At age nine Peterson played piano with control that impressed professional musicians. For many years his piano studies included four to six hours of practice daily. Only in his later years did he decrease his daily practice to just one or two hours. In 1940, at age fourteen, Peterson won the national music competition organized by the Canadian Broadcasting Corporation. After that victory, he dropped out of school and became a professional pianist working for a weekly radio show, and playing at hotels and music halls.

Peterson resided in a two-storey house on Hammond Road in Mississauga, Ontario, Canada, until his his death in 2007 of kidney failure.

Some of the artists who influenced Peterson's musicianship during the early years were Teddy Wilson, Nat "King" Cole, James P. Johnson and Art Tatum, to whom many have tried to compare Peterson in later years. One of his first exposures to Tatum's musical talents came early in his teen years when his father played Art Tatum's Tiger Rag for him, and Peterson was so intimidated by what he heard that he became disillusioned about his own playing, to the extent of refusing to play the piano at all for several weeks. In his own words, "Tatum scared me to death" and Peterson was "never cocky again" about his mastery at the piano. Tatum was a model for Peterson's musicianship during the 1940s and 1950s. Tatum and Peterson eventually became good friends, although Peterson was always shy about being compared with Tatum and rarely played the piano in Tatum's presence.

Peterson has also credited his sister Daisy Sweeney — a noted piano teacher in Montreal who also taught several other noted Canadian jazz musicians — with being an important teacher and influence on his career. Under his sister's tutelage, Peterson expanded into classical piano training and broadened his range while mastering the core classical pianism from rigorous scales to such staples of every pianist's repertoire as preludes and fugues by Johann Sebastian Bach.

Building on Art Tatum's pianism and aesthetics, Peterson also absorbed Tatum's musical influences, notably from piano concertos by Sergei Rachmaninoff. Rachmaninoff's harmonizations, as well as direct quotations from his 2nd Piano Concerto, are thrown here and there in many recordings by Peterson, including his work with the most familiar formulation of the Oscar Peterson Trio, with bassist Ray Brown and guitarist Herb Ellis. During the 1960s and 1970s Peterson made numerous trio recordings highlighting his piano performances that reveal more of his eclectic style that absorbed influences from various genres of jazz, popular and classical music.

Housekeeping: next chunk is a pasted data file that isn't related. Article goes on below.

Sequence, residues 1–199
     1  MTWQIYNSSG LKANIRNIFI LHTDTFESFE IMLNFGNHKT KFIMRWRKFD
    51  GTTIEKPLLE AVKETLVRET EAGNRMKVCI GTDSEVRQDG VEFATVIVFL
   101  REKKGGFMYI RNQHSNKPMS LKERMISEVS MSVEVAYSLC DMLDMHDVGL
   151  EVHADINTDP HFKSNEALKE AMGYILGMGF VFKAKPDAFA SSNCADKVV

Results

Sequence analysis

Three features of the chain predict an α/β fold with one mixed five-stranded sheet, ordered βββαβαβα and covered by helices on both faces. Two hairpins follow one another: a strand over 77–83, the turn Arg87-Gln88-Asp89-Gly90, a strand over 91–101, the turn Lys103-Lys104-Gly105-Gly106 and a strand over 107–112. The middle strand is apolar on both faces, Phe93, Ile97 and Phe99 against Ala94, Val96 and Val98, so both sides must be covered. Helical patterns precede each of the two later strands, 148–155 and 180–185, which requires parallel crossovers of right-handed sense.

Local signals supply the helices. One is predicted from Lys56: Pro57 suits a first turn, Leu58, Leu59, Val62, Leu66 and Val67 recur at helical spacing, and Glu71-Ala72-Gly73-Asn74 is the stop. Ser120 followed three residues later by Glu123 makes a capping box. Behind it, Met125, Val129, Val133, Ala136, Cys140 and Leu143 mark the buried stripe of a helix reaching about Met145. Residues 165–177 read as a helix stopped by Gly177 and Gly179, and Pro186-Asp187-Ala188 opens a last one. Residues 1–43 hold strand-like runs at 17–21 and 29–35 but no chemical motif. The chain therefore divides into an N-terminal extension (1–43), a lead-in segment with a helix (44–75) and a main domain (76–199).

An important step in his career was joining impresario Norman Granz's labels (especially Verve) and Granz's "Jazz at the Philharmonic" project. Granz discovered Peterson in a peculiar manner. As the impresario was being taken to the Montreal airport by cab, the radio was playing a live broadcast of Peterson at a local night club. Granz was so smitten by what he heard that he ordered the driver to take him to the club so that he could meet the pianist. In 1949, Granz introduced Peterson at a Carnegie Hall Jazz at the Philharmonic show in New York.

So was born a lasting relationship and Granz remained Peterson's manager for most of his career. One poignant illustration: in the last two years of his life, Peterson doted on a boxer dog that he named "Smedley," Peterson's nickname for Granz. On the day of Peterson's death, Smedley lay on the bed with him and would not leave.

This was more than a managerial relationship; Peterson praised Granz for standing up for him and other black jazz musicians in the segregationist south of the 1950s and 1960s. For example, in the Canadian Broadcasting Company's two-part documentary video Music in the Key of Oscar, Peterson tells how Granz stood up to a gun-toting southern policeman who wanted to stop the trio from using "white-only" taxis. The entire documentary is a fascinating account of Peterson's life from his Montreal childhood, to his career, to his family relations and includes interviews with Peterson, Herbie Hancock, Quincy Jones and Ella Fitzgerald. Its narrative ends in 1993, just before Peterson's debilitating stroke.

In the course of his career, Peterson developed a reputation as a technically brilliant and melodically inventive jazz pianist and became a regular on Canadian radio from the 1940s. His name was already recognized in the United States. However, his 1949 debut at Carnegie Hall, New York City, arranged by Norman Granz, was uncredited; owing to union restrictions, his appearance could not be billed.